Supranationalism is a method of decision-making in political communities, wherein power is held by independent appointed officials or by representatives elected by the legislatures or people of the member states. Member-state governments still have power, but they must share this power with others. Because decisions are taken by majority votes, it is possible for a member-state to be forced by the other member-states to implement a decision. Unlike a federal state, member states fully retain their sovereignty and participate voluntarily, being subject to the supranational government only while remaining members.
Neo-functionalists argue that the supranational institutions of the European Union themselves have been a driving force behind European integration; reinterpreting agreed results from Intergovernmental Conferences in order to expand the mandate of EU legislation into new and more diverse areas. The theory of neo-functionalism is felt by some to be important as it may explain much of the thinking behind the early proponents of the European Union, such as Jean Monnet, who saw increased European integration as the most important precursor to a peaceful Europe. Neo-functionalism assumes a decline in importance of nationalism and the nation-state; it sees the executive power and interest groups within states to be pursuing a welfarist objective which is best satisfied by integration of EU states. The thinking behind the neo-functionalist theory can be best described by considering the three mechanisms which neo-functionalists see as key to driving the process of integration forwards. These are positive spill over, the transfer of domestic allegiances and technocratic automaticity:
Positive spill over is the concept that integration between states in one economic sector will quickly create strong incentives for integration in further sectors; in order to fully capture the benefits of integration in the original sector.
The mechanism of a transfer in domestic allegiances can be best understood by first noting that an important assumption within neo-functionalist thinking is of a pluralistic society within the relevant nation states. Neo-functionalists claim that, as the process of integration gathers pace, interest groups and associations within the pluralistic societies of the individual nation states will transfer their allegiance away from national institutions towards the supranational European institutions. They will do this because they will, in theory, come to realise that these newly formed institutions are a better conduit through which to pursue their material interests than the pre-existing national institutions.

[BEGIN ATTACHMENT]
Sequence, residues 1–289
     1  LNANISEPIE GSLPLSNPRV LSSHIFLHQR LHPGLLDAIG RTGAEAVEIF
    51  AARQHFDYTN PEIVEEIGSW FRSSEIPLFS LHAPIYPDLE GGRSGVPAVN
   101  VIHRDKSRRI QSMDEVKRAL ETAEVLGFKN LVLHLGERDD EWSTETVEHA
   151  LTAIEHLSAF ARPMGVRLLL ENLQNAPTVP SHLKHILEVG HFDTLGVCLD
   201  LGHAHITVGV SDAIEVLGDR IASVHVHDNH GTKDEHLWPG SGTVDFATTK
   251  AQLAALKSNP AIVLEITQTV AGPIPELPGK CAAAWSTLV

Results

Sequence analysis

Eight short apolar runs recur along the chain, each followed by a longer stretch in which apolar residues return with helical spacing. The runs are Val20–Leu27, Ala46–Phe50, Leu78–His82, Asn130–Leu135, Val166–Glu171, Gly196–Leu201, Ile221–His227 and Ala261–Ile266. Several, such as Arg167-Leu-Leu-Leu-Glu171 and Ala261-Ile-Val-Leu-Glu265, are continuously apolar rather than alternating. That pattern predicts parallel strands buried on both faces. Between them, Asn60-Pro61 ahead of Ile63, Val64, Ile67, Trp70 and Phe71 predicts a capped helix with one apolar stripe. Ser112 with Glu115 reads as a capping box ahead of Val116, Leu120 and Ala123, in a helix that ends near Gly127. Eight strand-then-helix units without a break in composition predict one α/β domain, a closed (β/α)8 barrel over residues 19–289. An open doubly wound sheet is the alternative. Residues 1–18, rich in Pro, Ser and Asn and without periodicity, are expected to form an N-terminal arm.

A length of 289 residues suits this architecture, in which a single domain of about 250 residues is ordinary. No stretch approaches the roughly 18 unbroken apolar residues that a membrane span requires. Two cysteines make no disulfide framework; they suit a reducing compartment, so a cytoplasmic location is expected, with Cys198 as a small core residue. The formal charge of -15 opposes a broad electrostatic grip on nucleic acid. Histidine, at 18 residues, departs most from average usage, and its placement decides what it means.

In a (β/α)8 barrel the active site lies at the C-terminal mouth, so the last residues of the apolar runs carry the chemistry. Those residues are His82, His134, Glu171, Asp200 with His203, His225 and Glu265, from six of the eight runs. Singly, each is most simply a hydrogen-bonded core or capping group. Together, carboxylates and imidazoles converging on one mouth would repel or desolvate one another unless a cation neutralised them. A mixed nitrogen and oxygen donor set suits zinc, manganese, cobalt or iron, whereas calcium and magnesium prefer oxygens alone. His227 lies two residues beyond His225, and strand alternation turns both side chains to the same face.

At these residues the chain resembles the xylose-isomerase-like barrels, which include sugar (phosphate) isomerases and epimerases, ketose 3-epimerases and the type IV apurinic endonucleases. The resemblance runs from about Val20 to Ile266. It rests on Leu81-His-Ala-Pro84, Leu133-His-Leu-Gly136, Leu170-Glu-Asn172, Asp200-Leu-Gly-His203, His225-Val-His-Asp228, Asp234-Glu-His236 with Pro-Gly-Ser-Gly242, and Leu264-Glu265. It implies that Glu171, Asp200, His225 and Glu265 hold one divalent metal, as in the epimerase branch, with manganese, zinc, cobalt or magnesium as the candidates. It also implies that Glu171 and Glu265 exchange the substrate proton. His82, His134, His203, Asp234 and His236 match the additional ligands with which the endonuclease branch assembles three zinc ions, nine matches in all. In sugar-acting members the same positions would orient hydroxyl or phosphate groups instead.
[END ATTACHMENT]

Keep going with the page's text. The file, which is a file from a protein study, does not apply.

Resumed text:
Finally, technocratic automaticity describes the way in which, as integration hastens, the supranational institutions set up to oversee that integration process will themselves take the lead in sponsoring further integration as they become more powerful and more autonomous of the member states.
EUROPEAN UNION LAW TUTOR
Our EU Law tutors are seasoned professors who have also been called to the Bar. We worked together to construct a book for our students that serves as a comprehensive source of vital knowledge and strives to equip law students with a solid understanding of this topic. Why not employ an EU Law tutor who has written this book on the essential topics of European Union Law?